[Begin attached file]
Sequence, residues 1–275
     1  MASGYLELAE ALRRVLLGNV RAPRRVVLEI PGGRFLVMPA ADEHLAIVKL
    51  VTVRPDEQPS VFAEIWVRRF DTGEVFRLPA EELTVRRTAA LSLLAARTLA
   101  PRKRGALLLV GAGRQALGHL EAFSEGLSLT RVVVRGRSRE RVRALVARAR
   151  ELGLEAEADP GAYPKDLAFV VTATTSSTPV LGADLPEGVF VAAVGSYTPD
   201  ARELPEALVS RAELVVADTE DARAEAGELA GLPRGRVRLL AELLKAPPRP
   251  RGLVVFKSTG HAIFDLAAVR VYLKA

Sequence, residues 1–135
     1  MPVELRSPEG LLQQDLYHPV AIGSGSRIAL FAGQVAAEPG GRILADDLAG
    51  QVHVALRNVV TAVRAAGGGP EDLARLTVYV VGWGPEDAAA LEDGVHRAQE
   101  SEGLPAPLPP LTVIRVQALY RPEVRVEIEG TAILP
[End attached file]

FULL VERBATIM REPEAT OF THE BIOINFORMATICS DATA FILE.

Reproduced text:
Sequence, residues 1–275
     1  MASGYLELAE ALRRVLLGNV RAPRRVVLEI PGGRFLVMPA ADEHLAIVKL
    51  VTVRPDEQPS VFAEIWVRRF DTGEVFRLPA EELTVRRTAA LSLLAARTLA
   101  PRKRGALLLV GAGRQALGHL EAFSEGLSLT RVVVRGRSRE RVRALVARAR
   151  ELGLEAEADP GAYPKDLAFV VTATTSSTPV LGADLPEGVF VAAVGSYTPD
   201  ARELPEALVS RAELVVADTE DARAEAGELA GLPRGRVRLL AELLKAPPRP
   251  RGLVVFKSTG HAIFDLAAVR VYLKA

Sequence, residues 1–135
     1  MPVELRSPEG LLQQDLYHPV AIGSGSRIAL FAGQVAAEPG GRILADDLAG
    51  QVHVALRNVV TAVRAAGGGP EDLARLTVYV VGWGPEDAAA LEDGVHRAQE
   101  SEGLPAPLPP LTVIRVQALY RPEVRVEIEG TAILP